(a) Health emergency procedures.
Grantee and delegate agencies operating center-based programs must establish and implement policies and procedures to respond to medical and dental health emergencies with which all staff are familiar and trained. At a minimum, these policies and procedures must include:
(1) Posted policies and plans of action for emergencies that require rapid response on the part of staff (e.g., a child choking) or immediate medical or dental attention;
(2) Posted locations and telephone numbers of emergency response systems. Up-to-date family contact information and authorization for emergency care for each child must be readily available;
(3) Posted emergency evacuation routes and other safety procedures for emergencies (e.g., fire or weather-related) which are practiced regularly (see 45 CFR 1304.53 for additional information);
(4) Methods of notifying parents in the event of an emergency involving their child; and
(5) Established methods for handling cases of
suspected or known child abuse and neglect that are in compliance with
applicable Federal, State, or Tribal laws.
(b) Conditions of short-term exclusion and admittance.
(1) Grantee and delegate agencies must temporarily exclude a child with a short-term injury or an acute or short-term contagious illness, that cannot be readily accommodated, from program participation in center-based activities or group experiences, but only for that generally short-term period when keeping the child in care poses a significant risk to the health or safety of the child or anyone in contact with the child.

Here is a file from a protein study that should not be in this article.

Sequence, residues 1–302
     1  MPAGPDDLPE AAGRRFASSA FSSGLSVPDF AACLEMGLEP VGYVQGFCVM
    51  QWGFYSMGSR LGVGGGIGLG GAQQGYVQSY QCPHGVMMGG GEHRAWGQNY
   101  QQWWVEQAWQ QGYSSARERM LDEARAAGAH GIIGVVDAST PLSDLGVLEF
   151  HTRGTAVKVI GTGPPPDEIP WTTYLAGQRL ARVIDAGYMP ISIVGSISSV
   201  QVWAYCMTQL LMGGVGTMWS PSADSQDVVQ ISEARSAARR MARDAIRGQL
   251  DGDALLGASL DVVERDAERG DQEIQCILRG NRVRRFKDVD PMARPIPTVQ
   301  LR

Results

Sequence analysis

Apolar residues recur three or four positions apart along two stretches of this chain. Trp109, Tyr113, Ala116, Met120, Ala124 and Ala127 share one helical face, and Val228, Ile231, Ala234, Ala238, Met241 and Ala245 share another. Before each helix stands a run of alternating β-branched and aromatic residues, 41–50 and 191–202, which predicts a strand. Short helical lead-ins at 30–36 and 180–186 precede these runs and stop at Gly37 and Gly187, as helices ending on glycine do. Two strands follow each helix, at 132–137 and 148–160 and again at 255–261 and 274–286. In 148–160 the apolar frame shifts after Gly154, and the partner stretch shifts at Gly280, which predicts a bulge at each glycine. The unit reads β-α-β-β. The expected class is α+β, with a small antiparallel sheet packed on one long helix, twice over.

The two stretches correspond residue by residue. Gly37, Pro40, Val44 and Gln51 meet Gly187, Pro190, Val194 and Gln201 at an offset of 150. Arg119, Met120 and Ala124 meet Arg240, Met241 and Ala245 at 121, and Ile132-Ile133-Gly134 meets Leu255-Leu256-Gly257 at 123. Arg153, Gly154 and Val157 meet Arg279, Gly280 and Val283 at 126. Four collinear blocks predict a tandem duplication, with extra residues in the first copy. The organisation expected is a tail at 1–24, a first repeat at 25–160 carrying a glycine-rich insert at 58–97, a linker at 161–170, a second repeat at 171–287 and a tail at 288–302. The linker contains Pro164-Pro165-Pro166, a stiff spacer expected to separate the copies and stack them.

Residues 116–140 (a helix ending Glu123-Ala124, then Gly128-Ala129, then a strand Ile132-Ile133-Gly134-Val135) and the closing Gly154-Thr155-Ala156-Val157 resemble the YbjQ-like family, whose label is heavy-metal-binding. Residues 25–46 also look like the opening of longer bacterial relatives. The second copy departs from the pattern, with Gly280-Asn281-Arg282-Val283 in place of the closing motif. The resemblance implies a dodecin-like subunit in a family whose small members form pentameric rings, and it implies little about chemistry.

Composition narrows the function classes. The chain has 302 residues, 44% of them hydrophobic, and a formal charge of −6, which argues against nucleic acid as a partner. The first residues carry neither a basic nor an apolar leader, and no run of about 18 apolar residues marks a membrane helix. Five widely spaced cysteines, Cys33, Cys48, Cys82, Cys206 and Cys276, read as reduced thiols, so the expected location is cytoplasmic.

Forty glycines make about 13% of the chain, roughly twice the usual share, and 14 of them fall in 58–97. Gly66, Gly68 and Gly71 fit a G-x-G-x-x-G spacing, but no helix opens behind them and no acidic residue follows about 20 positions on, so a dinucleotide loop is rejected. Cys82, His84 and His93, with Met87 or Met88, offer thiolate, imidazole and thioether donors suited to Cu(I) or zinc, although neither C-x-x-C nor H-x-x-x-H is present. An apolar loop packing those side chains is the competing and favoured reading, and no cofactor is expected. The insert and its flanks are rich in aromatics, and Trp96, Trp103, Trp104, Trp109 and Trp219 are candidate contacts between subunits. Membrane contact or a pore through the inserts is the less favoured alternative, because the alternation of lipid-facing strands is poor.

(2) Grantee and delegate agencies must not deny program admission to any child, nor exclude any enrolled child from program participation for a long-term period, solely on the basis of his or her health care needs or medication requirements unless keeping the child in care poses a significant risk to the health or safety of the child or anyone in contact with the child and the risk cannot be eliminated or reduced to an acceptable level through reasonable modifications in the grantee or delegate agency's policies, practices or procedures or by providing appropriate auxiliary aids which would enable the child to participate without fundamentally altering the nature of the program.
(3) Grantee and delegate agencies must request that
parents inform them of any health or safety needs of the child that the
progrm may be required to address. Programs must share information, as
necessary, with appropriate staff regarding accommodations needed in
accordance with the program's confidentiality policy.
(c) Medication administration. Grantee and delegate agencies must establish and maintain written procedures regarding the administration, handling, and storage of medication for every child. Grantee and delegate agencies may modify these procedures as necessary to satisfy State or Tribal laws, but only where such laws are consistent with Federal laws. The procedures must include:
(1) Labeling and storing, under lock and key, and refrigerating, if necessary, all medications, including those required for staff and volunteers;
(2) Designating a trained staff member(s) or school nurse to administer, handle and store child medications;